Reality becomes myth.
The real wonder of being a human is our ability to make stuff up. So far as we know, we’re the only animals who do it. We’re the story animals. And we have an enormous capacity for blurring those lines between reality and myth. I love that about us.
Are you a landlubber, or a sea-lover?
I love being at the seaside, but I’m happiest on land. I tend to get seasick by just standing in the waves, and I’m not a strong swimmer. I have no desire whatsoever to go out to sea. No luxury cruises for this girl.
And actually, my own innate fear of the water is partly what inspired me to put Keeper in that boat in the first place. It makes me a little queasy to think about it. When I’m thinking about my characters, I always consider the twin sisters of love and fear. Those are the great opposites. Everything we do comes out of one or the other or a mixture of the two. I continually ask what is pushing my characters—and the push has everything to do with love and fear. In order to invest my characters with emotions that feel true, I have to tap into my own emotions to a certain extent. It was scary for me to think about a little girl being alone on a boat. I would never have had the guts to do it. But Keeper loved her family so much—the family in the world unto itself—that she stepped outside of her fear in order to make that same world right again. I believe that our lives are always about the balance of love and fear and how they play out from day to day.
If you had to choose 5 things (ideas / books / objects / topics / people) that have most inspired your writing, what would you choose?
Susanne Langer changed the way that I consider the impact of form on emotion and feeling. Her book, Feeling and Form, has always provoked me and asked me to think deeply about art and its inherent power.
Rudyard Kipling: When I was a child, my father loved to recite the poetry of Kipling. He loved the solid rhymes at the ends of the stanzas, and the ways that the poetry “marched” in its militaristic style. It wasn’t until I was in my 20’s that I really discovered Kipling’s stories and novels, and I have to say that The Jungle Book was a transformative book for me. I still love it.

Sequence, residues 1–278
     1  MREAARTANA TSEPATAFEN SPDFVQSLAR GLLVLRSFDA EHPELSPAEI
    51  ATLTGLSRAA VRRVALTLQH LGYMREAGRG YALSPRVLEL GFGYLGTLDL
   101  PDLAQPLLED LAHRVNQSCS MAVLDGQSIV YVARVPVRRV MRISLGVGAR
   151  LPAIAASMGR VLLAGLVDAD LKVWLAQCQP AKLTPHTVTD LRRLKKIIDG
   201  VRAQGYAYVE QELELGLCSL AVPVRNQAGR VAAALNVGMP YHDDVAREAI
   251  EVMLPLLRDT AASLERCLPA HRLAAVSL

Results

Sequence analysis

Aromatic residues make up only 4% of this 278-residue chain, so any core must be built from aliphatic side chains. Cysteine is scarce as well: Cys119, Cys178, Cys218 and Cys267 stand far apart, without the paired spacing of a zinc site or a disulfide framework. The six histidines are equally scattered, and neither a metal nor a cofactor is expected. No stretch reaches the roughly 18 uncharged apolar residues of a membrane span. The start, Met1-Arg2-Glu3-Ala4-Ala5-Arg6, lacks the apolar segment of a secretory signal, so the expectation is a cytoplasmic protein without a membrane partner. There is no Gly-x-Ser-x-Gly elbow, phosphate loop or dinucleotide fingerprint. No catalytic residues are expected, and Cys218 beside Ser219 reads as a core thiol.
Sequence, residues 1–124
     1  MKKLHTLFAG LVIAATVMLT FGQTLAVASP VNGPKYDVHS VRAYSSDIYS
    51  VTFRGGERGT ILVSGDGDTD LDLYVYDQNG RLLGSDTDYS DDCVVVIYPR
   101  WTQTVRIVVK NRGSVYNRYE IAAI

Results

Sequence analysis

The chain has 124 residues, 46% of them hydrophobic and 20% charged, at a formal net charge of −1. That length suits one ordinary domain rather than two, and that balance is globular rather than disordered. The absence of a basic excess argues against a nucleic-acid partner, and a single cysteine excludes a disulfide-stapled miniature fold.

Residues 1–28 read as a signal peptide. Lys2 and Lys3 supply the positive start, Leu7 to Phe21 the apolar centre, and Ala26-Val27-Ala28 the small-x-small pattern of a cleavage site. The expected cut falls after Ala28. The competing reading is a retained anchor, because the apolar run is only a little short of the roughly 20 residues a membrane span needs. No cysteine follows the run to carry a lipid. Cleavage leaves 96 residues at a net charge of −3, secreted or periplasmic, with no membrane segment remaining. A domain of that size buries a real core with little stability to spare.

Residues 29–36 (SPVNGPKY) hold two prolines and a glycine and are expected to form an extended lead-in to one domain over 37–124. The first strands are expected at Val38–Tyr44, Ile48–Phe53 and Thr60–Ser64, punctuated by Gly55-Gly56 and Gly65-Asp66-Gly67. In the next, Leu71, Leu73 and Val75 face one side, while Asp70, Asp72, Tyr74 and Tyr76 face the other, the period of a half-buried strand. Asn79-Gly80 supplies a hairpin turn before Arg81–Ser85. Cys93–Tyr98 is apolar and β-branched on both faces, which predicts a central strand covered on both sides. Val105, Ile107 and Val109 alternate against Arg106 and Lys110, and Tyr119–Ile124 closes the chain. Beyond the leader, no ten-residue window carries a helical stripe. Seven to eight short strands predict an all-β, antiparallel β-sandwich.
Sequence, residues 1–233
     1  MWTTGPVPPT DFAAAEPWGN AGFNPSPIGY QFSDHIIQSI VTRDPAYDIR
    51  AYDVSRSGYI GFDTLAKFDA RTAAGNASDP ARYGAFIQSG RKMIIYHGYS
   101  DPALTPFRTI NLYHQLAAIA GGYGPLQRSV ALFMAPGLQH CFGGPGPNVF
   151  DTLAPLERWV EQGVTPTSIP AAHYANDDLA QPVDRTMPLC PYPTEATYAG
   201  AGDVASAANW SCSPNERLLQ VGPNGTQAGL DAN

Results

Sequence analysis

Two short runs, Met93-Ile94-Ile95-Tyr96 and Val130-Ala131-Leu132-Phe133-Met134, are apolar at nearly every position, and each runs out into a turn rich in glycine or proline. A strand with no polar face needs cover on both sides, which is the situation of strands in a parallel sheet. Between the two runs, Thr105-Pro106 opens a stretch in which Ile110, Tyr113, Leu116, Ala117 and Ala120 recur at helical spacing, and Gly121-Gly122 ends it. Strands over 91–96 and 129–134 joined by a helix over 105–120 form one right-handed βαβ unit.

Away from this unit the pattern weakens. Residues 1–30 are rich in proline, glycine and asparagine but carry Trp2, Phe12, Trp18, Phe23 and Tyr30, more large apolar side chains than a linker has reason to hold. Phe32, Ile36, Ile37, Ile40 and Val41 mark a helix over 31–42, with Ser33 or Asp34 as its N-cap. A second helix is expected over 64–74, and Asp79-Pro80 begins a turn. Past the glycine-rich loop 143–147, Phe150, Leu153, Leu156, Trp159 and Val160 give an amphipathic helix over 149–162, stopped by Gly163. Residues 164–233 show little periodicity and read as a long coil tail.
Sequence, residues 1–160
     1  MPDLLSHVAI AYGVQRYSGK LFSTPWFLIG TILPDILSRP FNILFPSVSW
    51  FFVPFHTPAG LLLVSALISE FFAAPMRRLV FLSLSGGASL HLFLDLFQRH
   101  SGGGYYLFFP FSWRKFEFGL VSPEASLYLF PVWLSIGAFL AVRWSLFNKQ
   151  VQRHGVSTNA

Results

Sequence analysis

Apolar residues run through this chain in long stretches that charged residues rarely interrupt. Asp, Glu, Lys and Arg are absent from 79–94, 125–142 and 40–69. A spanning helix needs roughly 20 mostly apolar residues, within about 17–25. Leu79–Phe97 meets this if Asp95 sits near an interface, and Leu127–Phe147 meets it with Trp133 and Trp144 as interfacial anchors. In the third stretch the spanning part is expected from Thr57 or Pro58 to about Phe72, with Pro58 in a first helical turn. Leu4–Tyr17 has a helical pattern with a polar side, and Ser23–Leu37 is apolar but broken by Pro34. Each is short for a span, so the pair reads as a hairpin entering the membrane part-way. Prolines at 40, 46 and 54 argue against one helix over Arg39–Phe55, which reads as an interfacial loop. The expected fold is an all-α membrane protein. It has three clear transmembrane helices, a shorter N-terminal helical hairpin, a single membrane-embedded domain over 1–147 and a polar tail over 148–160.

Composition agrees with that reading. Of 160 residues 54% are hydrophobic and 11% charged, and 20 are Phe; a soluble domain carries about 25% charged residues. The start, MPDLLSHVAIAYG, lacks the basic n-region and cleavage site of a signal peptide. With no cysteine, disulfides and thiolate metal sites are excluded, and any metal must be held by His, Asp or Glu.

Not only do I just love the story itself, this book helped me understand where I came from as far as being a child of the South.
Is there a topic or genre or historical period that you have thought you might like to try writing in the future?
I’d love to write a straight-ahead contemporary YA novel, maybe a romance? My fear here is that I’d likely have to deal with technology and I haven’t quite figured out how that plays out in the lives of contemporary teens, or even if it matters. But it seems to be such a large part of teens’ lives today that I don’t think I can dismiss it.
I wouldn’t mind writing a space travel book. I loved those when I was a kid. Maybe growing up in Houston, when NASA was just coming on line is part of that. I used to dream that I lived on the moon . . . with a whole herd of moon ponies.
What is the most difficult part of writing for you, and what aspect of writing is the most fulfilling?
Getting the first draft on the page is always the hardest part for me. I have to force myself to write quickly so that I don’t spend hour upon hour rearranging the five words I’ve actually written.
What part of this novel are you most proud of?
My hope is that my readers will reconsider magic, both real and imagined. One of my goals with Keeper was to show that magic may not be real, but that believing in it can offer up possibilities. In so many ways, I feel that love is magic, and believing in magic allows love to occur. I want all of us to hold out for the possibility of magic, and thus the wonder of love.
I am also proud of the relationship between Mr. Beauchamp and Jack. While it has come under some criticism, the reason I wrote it into the story is because my own sons have a relative who is gay, and that relative never showed up in their stories when they were in those middle grades. Yes, there are plenty of gay characters in YA (or there are now I should say), but aside from a small cameo appearance in The Van Gogh Café, by Cynthia Rylant, they were never ever present. I attempted to make Henri and Jack’s affection for each other so matter-of-fact that it was just that—matter-of-fact. And unless a child reader was really looking for it, they might miss it entirely. I’m tired of gay characters being absent in our stories for younger readers, as if they were absent from our lives. My son’s gay relative has been important to them. Not invisible at all. So why should they be invisible in their books?
So perhaps, overall, it’s ambiguity that I was hoping to achieve. Is Keeper’s mother a real mermaid? That question is never really answered. Are Jack and Henri lovers? Who knows? Is Sinbad a hundred years old? Those questions are for the readers to ask, and when they find their own answers, then hopefully the book will change for them as they themselves change and grow.
Where do you picture Keeper in five years? (By the way, I’m convinced there is a whole gang of us who would happily read a book about Keeper as a fifteen-year-old. YA all the way! Just saying).
What a great question! Something else that wasn’t answered in this story was: is Keeper part mer herself? Perhaps as a fifteen-year-old, she might have her own romance—perhaps with a merperson who distinctly isn’t her mother? Someone who is tall, dark and handsome, say? It could happen. Now you’ve got me thinking . . . .
Thank you so much for being here Kathi. It was wonderful to learn more about Keeper and your writing practice.
Be sure to visit the other interviews on the WBBT circuit today: